About time to be moving on

By math or momentum, endorsements or establishment frustration, it is easy to finally measure Mitt Romney's advantages over his rivals at this critical moment in the campaign. While he isn't likely to win anywhere overwhelmingly on Super Tuesday, he will pile up an insurmountable delegate lead that will soon make him the nominee-to-be. That is, unless he loses Ohio and all hell breaks loose.

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Rick Santorum has lost a considerable lead in Ohio in only a matter of days, after Romney won Michigan and Arizona and then the Washington state caucuses. Having blown it with all his thundering about contraception and religion and the evils of college education, enough Republicans decided that though he may be principled, he wasn't looking so electable against President Obama. The famous anti-Romney vote began to splinter further, and Romney now leads in national polls and has closed gaps in Ohio and other Super Tuesday states. Even states he will lose — like Georgia and perhaps Tennessee — provide opportunities to pick up delegates — like the metro areas of Atlanta and Nashville, for example. By Wednesday morning Romney should have the clearest path to the nomination, even if it runs through April, May and into June.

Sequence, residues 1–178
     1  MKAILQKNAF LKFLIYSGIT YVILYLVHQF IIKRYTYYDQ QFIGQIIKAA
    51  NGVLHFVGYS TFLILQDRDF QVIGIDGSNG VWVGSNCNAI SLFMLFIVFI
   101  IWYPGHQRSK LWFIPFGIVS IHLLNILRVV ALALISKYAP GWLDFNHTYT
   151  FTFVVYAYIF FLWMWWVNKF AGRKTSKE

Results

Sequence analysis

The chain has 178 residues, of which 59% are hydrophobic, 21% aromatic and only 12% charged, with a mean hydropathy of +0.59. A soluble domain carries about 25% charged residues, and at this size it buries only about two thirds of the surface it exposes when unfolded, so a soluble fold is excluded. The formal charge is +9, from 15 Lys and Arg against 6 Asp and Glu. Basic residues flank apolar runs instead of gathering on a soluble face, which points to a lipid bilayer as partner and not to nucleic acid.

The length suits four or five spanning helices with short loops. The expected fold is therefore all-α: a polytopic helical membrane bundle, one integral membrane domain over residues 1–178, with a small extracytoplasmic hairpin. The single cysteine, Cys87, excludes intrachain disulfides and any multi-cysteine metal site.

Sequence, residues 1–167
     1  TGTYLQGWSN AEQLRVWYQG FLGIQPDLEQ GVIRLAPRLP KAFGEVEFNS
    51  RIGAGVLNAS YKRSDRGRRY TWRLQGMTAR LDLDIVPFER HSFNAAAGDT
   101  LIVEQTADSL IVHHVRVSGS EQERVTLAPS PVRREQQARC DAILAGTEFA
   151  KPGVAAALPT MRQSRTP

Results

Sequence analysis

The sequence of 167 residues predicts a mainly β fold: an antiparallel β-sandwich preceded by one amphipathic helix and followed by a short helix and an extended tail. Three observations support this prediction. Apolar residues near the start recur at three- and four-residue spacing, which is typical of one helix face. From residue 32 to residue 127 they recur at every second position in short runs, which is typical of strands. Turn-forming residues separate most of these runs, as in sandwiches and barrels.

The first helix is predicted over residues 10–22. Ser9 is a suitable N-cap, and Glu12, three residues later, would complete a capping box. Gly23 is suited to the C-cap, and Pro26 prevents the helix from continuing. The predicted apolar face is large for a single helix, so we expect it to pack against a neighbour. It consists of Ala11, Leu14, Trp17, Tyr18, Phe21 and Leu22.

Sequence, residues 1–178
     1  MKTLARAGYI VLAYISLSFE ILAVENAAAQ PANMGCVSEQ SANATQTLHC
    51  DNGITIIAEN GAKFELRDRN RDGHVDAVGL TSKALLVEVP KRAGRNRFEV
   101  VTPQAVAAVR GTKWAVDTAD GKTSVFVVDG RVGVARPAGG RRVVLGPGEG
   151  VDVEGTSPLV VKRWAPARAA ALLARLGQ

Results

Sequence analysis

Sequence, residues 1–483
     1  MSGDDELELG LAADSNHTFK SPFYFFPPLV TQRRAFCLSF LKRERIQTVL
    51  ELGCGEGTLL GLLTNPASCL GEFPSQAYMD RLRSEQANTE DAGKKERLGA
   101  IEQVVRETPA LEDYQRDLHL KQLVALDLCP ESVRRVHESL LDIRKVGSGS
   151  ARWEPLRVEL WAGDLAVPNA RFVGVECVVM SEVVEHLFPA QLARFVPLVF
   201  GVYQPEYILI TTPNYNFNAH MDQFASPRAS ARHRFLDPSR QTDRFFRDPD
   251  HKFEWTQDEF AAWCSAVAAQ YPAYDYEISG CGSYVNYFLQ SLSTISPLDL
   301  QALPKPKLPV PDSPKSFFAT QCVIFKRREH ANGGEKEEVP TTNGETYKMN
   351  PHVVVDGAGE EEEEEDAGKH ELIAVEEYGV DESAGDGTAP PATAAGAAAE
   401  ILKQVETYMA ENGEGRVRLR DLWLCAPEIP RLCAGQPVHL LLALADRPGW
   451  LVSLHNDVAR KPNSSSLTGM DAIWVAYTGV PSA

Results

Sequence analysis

Many Republicans in what is left of the establishment are growing increasingly worried about the length and effect of the contest and are eager to see it end. They want Romney to start campaigning against Obama and not Santorum, and to get the focus back to the economy. Rush Limbaugh calling a college student a slut and heated debates about contraception are doing little to win over swing voters, and the subsequent damage to the GOP brand is showing up in poll after poll. At some point those Republican voters who can't stand the thought of Obama getting reelected are likely to jump on the Romney bandwagon, if for no other reason than the time has come.


HOW LONG WILL GINGRICH AND SANTORUM CONTINUE? Ask A.B. returns Thursday, March 8. Please join my weekly video Q&A by sending your questions and comments to askab@thehill.com. Thank you.